CERN answers your queries about September 2015

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Is the Large Hadron Collider dangerous?

No. Although powerful for an accelerator, the energy reached in the Large Hadron Collider (LHC) is modest by nature’s standards.

CERN_logo_Large_Hadron_Collider_DM

Cosmic rays – particles produced by events in outer space – collide with particles in the Earth’s atmosphere at much greater energies than those of the LHC. These cosmic rays have been bombarding the Earth’s atmosphere as well as other astronomical bodies since these bodies were formed, with no harmful consequences. These planets and stars have stayed intact despite these higher energy collisions over billions of years.

Read more about the safety of the LHC here

Is CERN planning anything for the end of September 2015?

CERN has no special events planned for the end of September. The Large Hadron Collider (LHC) will be running at its usual collision energy of 13 teraelectronvolts (TeV).

The LHC has been running at this collision energy since 3 June 2015 and had already delivered some 28,000 billion collisions to the large experiments by mid-August. Throughout the rest of 2015, CERN aims to gradually increase the number of collisions, while remaining at the same energy. Read more about gradually increasing the intensity of the proton beams here.

Why is the Higgs boson referred to as the God particle?

The Higgs boson is the linchpin of the Standard Model of particle physics but experimental physicists weren’t able to observe it until the arrival of the LHC, nearly 50 years after the particle was first postulated. Leon Lederman coined the term ‘the God particle’ in his popular 1993 book ‘The God Particle: If the Universe Is the Answer, What is the Question?’ written with Dick Teresi. In their book, Lederman and Teresi claim the nickname originated because the publisher wouldn’t allow them to call it ‘the Goddamn Particle’ – a name that reflected the difficulty in observing the elusive boson. The name caught on through the media attention it attracted but is disliked by both clerics and scientists.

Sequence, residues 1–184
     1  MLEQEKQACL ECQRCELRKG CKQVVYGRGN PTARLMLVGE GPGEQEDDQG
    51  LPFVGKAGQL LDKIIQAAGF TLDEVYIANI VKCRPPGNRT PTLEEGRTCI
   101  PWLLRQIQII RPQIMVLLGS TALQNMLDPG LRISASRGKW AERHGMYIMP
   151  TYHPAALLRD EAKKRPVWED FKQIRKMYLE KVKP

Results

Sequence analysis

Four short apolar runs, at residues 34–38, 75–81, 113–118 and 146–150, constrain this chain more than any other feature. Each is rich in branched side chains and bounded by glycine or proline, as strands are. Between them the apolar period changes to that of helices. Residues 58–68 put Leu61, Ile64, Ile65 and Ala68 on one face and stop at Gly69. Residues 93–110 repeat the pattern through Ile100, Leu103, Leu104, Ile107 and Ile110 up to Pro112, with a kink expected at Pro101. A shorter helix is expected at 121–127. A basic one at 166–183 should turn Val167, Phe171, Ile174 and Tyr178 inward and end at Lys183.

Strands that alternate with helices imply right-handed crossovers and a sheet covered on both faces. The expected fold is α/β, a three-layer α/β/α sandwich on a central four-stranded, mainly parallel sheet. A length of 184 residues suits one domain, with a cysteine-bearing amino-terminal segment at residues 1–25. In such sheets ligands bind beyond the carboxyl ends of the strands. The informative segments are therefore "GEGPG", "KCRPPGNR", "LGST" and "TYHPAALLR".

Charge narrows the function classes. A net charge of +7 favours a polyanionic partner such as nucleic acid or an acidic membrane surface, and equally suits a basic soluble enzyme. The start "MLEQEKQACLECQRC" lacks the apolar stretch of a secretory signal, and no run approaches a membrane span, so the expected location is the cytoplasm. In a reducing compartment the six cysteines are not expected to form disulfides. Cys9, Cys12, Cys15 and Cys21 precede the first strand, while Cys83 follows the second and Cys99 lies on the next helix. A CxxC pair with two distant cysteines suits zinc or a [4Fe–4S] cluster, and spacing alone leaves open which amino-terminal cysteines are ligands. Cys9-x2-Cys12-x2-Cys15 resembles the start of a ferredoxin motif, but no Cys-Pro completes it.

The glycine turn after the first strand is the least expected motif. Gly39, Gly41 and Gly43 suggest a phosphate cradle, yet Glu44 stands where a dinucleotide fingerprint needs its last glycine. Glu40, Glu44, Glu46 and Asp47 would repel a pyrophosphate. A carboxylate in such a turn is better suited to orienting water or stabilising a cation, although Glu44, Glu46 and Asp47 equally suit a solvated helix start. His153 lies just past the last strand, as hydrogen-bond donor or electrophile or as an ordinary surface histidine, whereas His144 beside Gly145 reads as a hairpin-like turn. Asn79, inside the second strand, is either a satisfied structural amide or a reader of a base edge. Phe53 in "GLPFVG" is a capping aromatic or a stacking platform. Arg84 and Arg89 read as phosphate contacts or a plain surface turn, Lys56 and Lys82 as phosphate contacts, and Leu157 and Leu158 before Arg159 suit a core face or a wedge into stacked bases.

Is CERN’s aim to prove that God does not exist?

No. People from all over the world work together harmoniously at CERN, representing all regions, religions and cultures. CERN exists to understand the mystery of nature for the benefit of humankind. Scientists at CERN use the world’s largest and most complex scientific instruments to study the basic constituents of matter – the fundamental particles. Particles are made to collide together at close to the speed of light. This process gives the physicists clues about how the particles interact, and provides insights into the fundamental laws of nature.

Why does CERN have a statue of Shiva?